|C H A P T E R 2|
Initial Configuration Procedures
After you install the Sun StorageTek Availability Suite software and before you use it for the first time, you must configure certain files for the Point-in-Time Copy software and the Remote Mirror software. This chapter describes the required initial configuration procedures:
This chapter also describes the following topics for your information:
TABLE 2-1 summarizes the required and optional initial configuration tasks.
This section describes how to edit and check the following system files so that the Sun StorageTek Remote Mirror software runs properly:
This ensures that the host names in the /etc/hosts file are read and known by machines running the Remote Mirror software.
Add the names and IP addresses of all machines you plan to use with the Remote Mirror software to the /etc/hosts file.
Edit this file on each machine where you are installing and running the Remote Mirror software.
If you use the Internet Protocol version 6 (IPv6) transport protocol for replication, configure the IPv4 and IPv6 stack concurrently on the host for the interface where the Remote Mirror software is used. The IPv6 protocol provides increased addressability. For the Solaris 10 OS, see the System Administration Guide: IP Services for more information about IPv6.
To use the IPv6 protocol, define the IPv4 and IPv6 interfaces with the same name. You must define the primary and secondary hosts such that the same transport protocol is used by both machines.
This example procedure shows how to set your network interface to use IPv6 addresses. Use this procedure to test your Remote Mirror hosts connection. The following procedure assumes this configuration information:
1. Use a text editor to create the /etc/hostname6.hme1 file on both the primary host and the secondary host. On the primary host, add the interface name sndrpri to the file. On the secondary host, add the interface name sndrsec to the file. Save and close the files.
2. Shut down and restart both machines to activate IPv6.
3. After both machines reboot, get the IPv6 inet address for the hme1 interface address.
4. In the following example, the address is fe80::a00:20ff:febd:c33f/128
5. Edit the /etc/inet/ipnodes file and add the inet address from Step 4, assigning the primary host address to sndrpri and the secondary host address to sndrsec. Do not include the /128 portion of the address.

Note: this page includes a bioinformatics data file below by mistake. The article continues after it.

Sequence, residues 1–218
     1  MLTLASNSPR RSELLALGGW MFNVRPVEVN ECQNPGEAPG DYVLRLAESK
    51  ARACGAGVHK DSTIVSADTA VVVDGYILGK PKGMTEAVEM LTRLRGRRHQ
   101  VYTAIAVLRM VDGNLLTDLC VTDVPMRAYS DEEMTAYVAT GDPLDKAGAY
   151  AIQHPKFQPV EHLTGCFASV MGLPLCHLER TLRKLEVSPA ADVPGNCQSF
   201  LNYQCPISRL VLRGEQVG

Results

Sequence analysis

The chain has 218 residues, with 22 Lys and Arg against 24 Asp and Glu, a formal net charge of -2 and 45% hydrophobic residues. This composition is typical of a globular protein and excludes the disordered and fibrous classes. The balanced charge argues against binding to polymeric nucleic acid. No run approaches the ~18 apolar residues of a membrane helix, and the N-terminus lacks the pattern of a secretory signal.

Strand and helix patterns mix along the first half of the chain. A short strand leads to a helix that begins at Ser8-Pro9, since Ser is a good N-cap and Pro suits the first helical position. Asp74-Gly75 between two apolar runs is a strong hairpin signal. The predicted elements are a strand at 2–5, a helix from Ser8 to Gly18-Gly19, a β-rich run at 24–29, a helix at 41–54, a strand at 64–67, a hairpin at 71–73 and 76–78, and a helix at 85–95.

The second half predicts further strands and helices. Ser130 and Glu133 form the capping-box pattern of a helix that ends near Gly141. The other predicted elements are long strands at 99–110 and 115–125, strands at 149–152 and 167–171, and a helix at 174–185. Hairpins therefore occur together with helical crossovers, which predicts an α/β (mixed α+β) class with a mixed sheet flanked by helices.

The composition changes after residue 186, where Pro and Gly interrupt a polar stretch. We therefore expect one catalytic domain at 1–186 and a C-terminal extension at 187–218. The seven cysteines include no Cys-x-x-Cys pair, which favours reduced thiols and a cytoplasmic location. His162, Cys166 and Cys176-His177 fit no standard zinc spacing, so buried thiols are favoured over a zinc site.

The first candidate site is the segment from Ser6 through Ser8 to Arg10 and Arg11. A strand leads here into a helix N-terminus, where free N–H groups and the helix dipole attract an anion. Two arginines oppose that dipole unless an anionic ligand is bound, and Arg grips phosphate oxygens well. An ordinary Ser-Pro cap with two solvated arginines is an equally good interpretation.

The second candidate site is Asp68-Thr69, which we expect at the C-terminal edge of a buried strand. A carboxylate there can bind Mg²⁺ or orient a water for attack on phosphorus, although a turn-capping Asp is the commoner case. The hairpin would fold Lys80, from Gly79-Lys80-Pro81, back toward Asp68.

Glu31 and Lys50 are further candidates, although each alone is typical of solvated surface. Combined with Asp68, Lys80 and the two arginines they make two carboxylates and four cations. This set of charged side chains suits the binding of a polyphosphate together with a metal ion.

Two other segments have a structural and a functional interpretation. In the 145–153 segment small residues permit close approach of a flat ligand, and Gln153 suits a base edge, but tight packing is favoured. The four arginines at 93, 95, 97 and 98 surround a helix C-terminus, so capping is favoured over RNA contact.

6. Save and close the file and then check the file contents.
In the following example, sndrsec is the secondary host interface name.
7. Edit the /etc/nsswitch.conf file to make sure that ipnodes: points to files.
Look for the following text in the file and make sure the ipnodes: line is uncommented.
8. Add the host names and IPv6 inet primary addresses of all machines you plan to use with the Remote Mirror software to the /etc/hosts file on each machine.
Edit this file on each machine where you are installing and running the Remote Mirror software.
Note - If you do not complete this step (described in To Edit the /etc/hosts File), the following error message is displayedwhen you enable the Remote Mirror software:
9. Ensure that one system can ping another and that these systems are using the IPv6 protocol.
To ping from the primary host, enter the following:
To ping from the secondary host, enter the following:
10. Use the netstat(1M) command to verify that the interface has the correct IPv6 address and IPv6 name.
Use this command on both the sndrpri and sndrsec hosts. For example:
Port 121 is the default port for use by the Remote Mirror rdc daemon.
If you change the port number, you must change it on all Remote Mirror hosts within this configuration set (that is, primary and secondary hosts, and all hosts in one-to-many, many-to-one, and multihop configurations).
1. Edit the /etc/services file on each machine running the Remote Mirror software.
2. Shutdown and restart all hosts to make that the new port number take effect.
If the file includes the hosts: and services: entries, verify that files is placed before nis, nisplus, ldap, dns, or any other service that the machine is using. For example, for systems using the NIS naming service, the file contains the following lines:
If the host and service entries are not correct, edit the file and save it.
If you are using the IPv6 protocol, see the changes for this file in Configuring the IP Stack (IPv4 and IPv6).
The following sections describe how to modify the Remote Mirror software settings.
Note - After editing the files in this section, shut down and restart your server using the shutdown command for changes to take effect. If you edit the rdc.conf file to use more than 64 volume sets, ensure that you have enough system resources such as a large swap space.
A bitmap maintained on disk can persist across a system crash, depending on the setting of rdc_bitmap_mode in /usr/kernel/drv/rdc.conf. The default setting is 1 (force bitmap writes for every write operation).
Edit the rdc.conf file and locate the following section. Edit the value for the bitmap mode, save the file, and close it.
The default number of configured volume sets is 64. To configure more than 64 volume sets, edit the rdc_max_sets field in the /usr/kernel/drv/rdc.conf file on each machine running the Remote Mirror software.
Edit the rdc.conf file and locate the following section. Edit the value for the volume sets, save the file, and close it.
For example, to use 128 sets, change the file as shown in the following section:
The Availability Suite software has a default limit of 4096 storage volumes. The default number of storage volume driver devices (that is, volumes) is set by the nsc_max_devices value in the nsctl.conf file.